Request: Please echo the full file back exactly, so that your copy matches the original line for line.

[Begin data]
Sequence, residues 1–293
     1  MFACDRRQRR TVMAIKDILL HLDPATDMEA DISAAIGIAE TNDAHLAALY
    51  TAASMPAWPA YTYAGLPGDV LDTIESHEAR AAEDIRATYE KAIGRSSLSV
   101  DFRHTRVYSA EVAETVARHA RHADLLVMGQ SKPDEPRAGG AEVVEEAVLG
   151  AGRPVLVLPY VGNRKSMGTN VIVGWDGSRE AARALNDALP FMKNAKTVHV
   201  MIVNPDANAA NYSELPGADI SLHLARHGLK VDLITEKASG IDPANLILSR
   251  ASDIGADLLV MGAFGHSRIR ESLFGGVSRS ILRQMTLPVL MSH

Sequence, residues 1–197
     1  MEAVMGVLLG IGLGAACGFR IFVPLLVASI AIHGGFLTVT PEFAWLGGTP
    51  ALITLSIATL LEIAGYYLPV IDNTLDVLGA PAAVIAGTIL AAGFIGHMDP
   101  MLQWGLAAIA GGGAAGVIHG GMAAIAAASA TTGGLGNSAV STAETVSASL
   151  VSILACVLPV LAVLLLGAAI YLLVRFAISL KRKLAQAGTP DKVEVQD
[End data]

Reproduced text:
Sequence, residues 1–293
     1  MFACDRRQRR TVMAIKDILL HLDPATDMEA DISAAIGIAE TNDAHLAALY
    51  TAASMPAWPA YTYAGLPGDV LDTIESHEAR AAEDIRATYE KAIGRSSLSV
   101  DFRHTRVYSA EVAETVARHA RHADLLVMGQ SKPDEPRAGG AEVVEEAVLG
   151  AGRPVLVLPY VGNRKSMGTN VIVGWDGSRE AARALNDALP FMKNAKTVHV
   201  MIVNPDANAA NYSELPGADI SLHLARHGLK VDLITEKASG IDPANLILSR
   251  ASDIGADLLV MGAFGHSRIR ESLFGGVSRS ILRQMTLPVL MSH

Sequence, residues 1–197
     1  MEAVMGVLLG IGLGAACGFR IFVPLLVASI AIHGGFLTVT PEFAWLGGTP
    51  ALITLSIATL LEIAGYYLPV IDNTLDVLGA PAAVIAGTIL AAGFIGHMDP
   101  MLQWGLAAIA GGGAAGVIHG GMAAIAAASA TTGGLGNSAV STAETVSASL
   151  VSILACVLPV LAVLLLGAAI YLLVRFAISL KRKLAQAGTP DKVEVQD